Testing core creation as a solution of small-scale cosmological problems is not straightforward as the predictions of hydrodynamical simulations depend to a large extent on the implementation of subgrid prescriptions for baryonic physics (Kim et al. 2014; Somerville & Davé 2015). For this reason, it is often difficult to establish whether a proposed baryonic solution to a cosmological problem is a genuine one or rather just a consequence of the wide discretion in the implementation of subgrid physics. As far as core creation in particular is concerned, there are two promising ways to disentangle predictions that depend primarily on the implementation of baryonic physics from those that depend on the adopted cosmological model. The first is to obtain reliable kinematic measurements for field dwarf galaxies with extremely low stellar masses (M ≲ 106M). In such systems the DM density profile is mostly determined by the cosmological model since the available energy from stellar feedback is not sufficient to cause significant modifications (e.g., Di Cintio et al. 2014a). The second is to measure the kinematics of dwarfs at large galactocentric radii where the influence of the core is small. Since cores have typical sizes of ~1 kpc in dwarf galaxies (Pontzen & Governato 2012), the DM density profile at R ≳ 2 kpc is mostly determined by the cosmological model.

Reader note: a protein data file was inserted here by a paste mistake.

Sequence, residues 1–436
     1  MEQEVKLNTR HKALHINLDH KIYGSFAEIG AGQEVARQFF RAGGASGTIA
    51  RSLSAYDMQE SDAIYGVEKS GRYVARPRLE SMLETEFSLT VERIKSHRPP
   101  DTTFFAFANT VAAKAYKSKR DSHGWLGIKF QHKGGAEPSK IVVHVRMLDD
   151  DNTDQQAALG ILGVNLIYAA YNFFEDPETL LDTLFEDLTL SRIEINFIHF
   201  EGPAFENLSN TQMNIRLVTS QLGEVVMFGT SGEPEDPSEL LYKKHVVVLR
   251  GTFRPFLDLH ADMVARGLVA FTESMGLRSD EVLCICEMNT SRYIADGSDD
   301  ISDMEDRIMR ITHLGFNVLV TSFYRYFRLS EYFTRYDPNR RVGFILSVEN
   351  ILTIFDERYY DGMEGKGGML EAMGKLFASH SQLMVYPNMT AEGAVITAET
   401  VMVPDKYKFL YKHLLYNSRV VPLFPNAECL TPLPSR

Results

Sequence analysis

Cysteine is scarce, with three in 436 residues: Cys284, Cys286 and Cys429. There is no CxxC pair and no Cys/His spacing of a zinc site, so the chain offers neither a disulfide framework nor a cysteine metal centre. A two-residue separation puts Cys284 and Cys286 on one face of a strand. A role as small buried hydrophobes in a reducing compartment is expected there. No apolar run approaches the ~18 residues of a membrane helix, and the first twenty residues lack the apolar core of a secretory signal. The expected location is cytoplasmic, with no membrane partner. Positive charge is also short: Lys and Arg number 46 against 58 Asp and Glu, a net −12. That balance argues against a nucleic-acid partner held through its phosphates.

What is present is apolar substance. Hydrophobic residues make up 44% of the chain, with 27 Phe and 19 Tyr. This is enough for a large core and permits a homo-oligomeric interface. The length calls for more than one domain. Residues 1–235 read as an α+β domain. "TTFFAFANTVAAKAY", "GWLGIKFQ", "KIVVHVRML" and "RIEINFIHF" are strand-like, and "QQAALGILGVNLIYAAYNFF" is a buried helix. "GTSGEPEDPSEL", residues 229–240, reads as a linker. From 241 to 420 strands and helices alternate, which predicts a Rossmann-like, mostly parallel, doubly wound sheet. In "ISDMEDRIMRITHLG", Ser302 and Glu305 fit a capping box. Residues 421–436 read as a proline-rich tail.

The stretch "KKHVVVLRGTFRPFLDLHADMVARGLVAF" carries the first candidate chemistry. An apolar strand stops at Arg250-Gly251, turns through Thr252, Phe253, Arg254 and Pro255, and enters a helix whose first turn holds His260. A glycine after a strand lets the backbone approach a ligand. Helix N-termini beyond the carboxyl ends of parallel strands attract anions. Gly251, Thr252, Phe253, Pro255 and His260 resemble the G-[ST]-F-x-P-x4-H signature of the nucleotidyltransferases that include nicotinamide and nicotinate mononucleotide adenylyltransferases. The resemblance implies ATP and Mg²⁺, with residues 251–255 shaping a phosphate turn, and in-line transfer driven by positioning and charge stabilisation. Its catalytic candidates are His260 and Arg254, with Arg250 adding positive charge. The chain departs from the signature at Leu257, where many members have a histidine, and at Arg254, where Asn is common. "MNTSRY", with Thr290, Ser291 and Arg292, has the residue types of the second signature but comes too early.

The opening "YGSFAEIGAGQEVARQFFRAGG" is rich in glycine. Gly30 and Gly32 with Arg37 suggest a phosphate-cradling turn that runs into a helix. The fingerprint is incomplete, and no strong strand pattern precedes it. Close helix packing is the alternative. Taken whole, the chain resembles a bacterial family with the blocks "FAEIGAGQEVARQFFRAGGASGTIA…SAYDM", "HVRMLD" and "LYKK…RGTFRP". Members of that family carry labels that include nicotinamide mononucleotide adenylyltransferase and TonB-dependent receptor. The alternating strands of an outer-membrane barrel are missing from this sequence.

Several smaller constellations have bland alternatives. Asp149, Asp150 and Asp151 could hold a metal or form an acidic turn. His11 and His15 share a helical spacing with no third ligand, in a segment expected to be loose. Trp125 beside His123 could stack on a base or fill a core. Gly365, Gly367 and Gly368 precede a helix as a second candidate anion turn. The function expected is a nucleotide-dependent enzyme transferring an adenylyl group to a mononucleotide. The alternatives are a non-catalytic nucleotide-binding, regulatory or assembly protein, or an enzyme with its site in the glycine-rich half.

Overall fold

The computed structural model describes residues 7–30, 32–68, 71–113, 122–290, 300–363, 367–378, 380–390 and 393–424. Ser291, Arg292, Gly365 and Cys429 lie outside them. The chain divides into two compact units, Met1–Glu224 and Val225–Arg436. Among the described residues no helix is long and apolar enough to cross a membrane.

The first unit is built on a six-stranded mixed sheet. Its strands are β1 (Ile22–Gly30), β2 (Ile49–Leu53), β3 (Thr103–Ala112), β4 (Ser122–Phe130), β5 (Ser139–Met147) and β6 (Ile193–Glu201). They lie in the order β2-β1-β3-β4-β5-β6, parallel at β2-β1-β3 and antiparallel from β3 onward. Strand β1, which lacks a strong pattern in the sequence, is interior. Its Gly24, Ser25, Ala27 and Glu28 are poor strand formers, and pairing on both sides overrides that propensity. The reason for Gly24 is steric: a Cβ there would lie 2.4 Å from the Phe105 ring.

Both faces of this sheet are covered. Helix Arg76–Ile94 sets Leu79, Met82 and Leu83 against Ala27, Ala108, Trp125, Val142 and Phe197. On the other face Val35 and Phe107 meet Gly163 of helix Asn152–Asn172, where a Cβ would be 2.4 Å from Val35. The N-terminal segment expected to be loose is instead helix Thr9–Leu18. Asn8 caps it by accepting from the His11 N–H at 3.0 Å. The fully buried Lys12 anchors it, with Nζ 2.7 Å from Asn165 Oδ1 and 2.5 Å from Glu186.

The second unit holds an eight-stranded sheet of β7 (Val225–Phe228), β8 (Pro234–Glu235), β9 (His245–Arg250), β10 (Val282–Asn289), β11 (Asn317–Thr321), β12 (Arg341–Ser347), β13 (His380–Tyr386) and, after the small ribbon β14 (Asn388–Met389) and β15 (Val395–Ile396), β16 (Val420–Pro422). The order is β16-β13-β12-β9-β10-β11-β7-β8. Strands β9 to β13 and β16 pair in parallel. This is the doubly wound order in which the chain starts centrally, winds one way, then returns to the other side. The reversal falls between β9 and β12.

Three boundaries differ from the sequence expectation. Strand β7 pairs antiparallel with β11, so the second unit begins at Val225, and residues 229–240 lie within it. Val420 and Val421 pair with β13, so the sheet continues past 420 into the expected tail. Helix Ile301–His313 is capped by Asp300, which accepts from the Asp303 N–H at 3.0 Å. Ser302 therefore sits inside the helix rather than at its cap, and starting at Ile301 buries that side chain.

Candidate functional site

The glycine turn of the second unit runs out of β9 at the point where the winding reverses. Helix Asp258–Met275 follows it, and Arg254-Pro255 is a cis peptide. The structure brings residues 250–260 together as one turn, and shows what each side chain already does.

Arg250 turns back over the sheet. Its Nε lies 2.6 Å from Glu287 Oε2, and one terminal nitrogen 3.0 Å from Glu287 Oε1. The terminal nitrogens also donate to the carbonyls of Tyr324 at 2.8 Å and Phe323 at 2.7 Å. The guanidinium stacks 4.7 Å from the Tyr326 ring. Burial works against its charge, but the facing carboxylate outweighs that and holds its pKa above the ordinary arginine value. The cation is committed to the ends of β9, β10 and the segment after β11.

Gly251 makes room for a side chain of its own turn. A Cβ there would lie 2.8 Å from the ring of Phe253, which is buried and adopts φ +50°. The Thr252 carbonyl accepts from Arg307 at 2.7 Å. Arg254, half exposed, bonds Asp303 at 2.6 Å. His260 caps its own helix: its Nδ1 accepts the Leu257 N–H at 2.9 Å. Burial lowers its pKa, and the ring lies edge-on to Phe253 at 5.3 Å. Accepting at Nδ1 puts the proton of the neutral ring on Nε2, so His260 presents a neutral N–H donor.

In this article, we follow the second approach described above to test core creation in hydrodynamical simulations. We use the NIHAO simulation as an example, and repeat the comparison of Dutton et al. (2016) between the kinematics of low-mass halos and the kinematics of observed dwarfs. This time, however, the observational comparison sample consists of dwarfs with extended kinematics measured in the 21 cm line of atomic hydrogen (HI). The article is organized as follows. In Sect. 2 we briefly describe the NIHAO hydrodynamical simulation and the observational sample of galaxies with HI kinematics used perform the kinematic comparison. In Sect. 3 we describe in detail the comparison setup. In Sect. 4 we present our result (Fig. 1), and discuss its scientific interpretation. In the same section we mention the assumptions under which our interpretation is valid, and elaborate on the main caveats associated with these assumptions. We conclude by summarizing our work in Sect. 5.

2. Datasets